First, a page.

It Comes At Night | Film | Pittsburgh | Pittsburgh City Paper

It Comes At Night

A tense, paranoid thriller about a family trying to survive after some apocalyptic event


Trey Edward Shults’ horror thriller is a lean piece of paranoia and tension. It opens with no preamble on a man dying of something horrible. Quickly, we ascertain that there is some contagious disease loose, and for safety, one family has barricaded itself in a house in the isolated woods. Paul (Joel Edgerton), his wife, Sarah (Carmen Ejogo), and their teenage son (Travis Kelvin Harrison Jr.) live uneasily, taking precautions, including wearing protective gloves and face masks. Then late one night a stranger breaks in, and begs mercy: He was just looking for shelter for himself and his family. Grudgingly, Paul agrees, and Will (Christopher Abbott), his wife, Kim (Riley Keough) and their toddler move into the house. But the close quarters, the lack of electricity and plumbing, and the constant fear of contamination puts everyone on edge — and things go from awkward to very bad. The illness threat is never explained, and really, distrust is far more contagious, and ultimately, more deadly.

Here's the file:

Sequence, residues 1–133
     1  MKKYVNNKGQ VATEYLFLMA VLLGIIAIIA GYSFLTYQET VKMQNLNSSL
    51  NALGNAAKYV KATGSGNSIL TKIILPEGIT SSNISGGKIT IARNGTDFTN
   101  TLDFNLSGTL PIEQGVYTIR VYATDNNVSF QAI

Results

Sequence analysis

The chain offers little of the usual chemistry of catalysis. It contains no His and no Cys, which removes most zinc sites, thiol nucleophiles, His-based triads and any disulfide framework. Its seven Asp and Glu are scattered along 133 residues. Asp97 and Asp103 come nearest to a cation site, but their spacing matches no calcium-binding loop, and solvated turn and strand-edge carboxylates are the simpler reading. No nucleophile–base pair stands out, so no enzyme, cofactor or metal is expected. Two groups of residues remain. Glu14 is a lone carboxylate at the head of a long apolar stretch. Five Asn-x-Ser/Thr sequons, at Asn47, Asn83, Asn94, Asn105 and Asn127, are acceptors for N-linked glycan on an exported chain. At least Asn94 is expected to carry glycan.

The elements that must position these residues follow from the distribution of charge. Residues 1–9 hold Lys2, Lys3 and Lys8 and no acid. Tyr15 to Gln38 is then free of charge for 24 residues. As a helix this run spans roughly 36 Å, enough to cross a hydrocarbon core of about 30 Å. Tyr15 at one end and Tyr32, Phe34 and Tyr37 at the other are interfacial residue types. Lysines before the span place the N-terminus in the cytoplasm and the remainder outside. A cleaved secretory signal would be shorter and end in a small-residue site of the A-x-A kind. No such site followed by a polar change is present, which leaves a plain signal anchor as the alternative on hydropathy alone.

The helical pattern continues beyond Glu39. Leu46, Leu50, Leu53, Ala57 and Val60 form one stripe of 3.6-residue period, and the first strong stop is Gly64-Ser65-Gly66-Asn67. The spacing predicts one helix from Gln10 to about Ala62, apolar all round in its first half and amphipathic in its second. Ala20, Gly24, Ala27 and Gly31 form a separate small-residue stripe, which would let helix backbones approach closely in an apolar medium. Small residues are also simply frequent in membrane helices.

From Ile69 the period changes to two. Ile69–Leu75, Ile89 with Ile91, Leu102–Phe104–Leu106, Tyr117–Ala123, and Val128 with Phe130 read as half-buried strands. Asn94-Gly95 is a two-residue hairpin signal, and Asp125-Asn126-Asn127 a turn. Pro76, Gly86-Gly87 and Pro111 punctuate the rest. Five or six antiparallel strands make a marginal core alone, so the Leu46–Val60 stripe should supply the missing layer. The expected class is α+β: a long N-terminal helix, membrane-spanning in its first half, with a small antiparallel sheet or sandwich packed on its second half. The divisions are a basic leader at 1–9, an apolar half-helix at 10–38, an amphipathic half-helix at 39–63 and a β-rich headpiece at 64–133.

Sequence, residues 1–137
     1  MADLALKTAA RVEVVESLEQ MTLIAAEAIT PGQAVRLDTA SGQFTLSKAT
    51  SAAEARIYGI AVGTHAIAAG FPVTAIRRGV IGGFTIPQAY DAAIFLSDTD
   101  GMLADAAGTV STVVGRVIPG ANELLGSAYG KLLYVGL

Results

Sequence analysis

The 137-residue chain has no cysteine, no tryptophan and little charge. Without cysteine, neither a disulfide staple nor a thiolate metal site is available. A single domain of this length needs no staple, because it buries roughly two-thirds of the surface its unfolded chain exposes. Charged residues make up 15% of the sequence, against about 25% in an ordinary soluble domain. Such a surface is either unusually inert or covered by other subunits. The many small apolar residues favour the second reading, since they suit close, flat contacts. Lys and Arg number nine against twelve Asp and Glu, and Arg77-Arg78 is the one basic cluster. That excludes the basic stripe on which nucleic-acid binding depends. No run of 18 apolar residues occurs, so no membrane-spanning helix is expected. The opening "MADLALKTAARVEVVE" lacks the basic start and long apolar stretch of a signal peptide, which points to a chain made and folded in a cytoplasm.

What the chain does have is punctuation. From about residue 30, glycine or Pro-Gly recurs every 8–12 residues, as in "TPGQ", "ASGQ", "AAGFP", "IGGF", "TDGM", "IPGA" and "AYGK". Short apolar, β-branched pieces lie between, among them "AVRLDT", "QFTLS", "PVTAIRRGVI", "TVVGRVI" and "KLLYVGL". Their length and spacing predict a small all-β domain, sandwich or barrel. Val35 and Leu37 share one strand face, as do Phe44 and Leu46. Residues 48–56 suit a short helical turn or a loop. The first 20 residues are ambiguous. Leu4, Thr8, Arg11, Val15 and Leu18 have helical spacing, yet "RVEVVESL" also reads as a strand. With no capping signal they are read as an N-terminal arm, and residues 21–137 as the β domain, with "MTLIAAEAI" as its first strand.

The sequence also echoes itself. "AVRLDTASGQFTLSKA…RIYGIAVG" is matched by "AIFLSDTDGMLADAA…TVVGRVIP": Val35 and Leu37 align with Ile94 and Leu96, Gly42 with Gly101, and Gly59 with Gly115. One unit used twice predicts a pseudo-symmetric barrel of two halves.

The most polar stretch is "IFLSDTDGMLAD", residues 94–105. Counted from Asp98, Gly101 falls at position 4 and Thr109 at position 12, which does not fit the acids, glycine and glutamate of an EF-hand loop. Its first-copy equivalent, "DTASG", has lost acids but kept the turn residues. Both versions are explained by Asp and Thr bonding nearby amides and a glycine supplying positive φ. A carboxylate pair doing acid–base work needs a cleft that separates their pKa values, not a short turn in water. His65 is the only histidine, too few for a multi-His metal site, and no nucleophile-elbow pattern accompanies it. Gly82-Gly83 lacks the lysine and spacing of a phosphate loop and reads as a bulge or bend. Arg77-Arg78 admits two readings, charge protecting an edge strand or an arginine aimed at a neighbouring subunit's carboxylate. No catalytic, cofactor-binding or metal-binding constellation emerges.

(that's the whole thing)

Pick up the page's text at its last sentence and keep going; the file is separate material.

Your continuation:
Shults’ work is a slow-burner, and doesn’t indulge in gratuitous gore or jump-out scares. The most nerve-rattling scenes involve the insomniac Travis wandering around the oddly shaped house at night, his camping lantern throwing crazy shadows. (Take a moment to marvel at the technology that lets directors shoot movies with the weirdest sorts of limited light.) As it’s a bit slim on story, Night doesn’t deliver as much of an emotional punch as it likely aims to do. The ending isn’t wholly satisfying, but the film takes a pleasantly unsettling journey to get there. 

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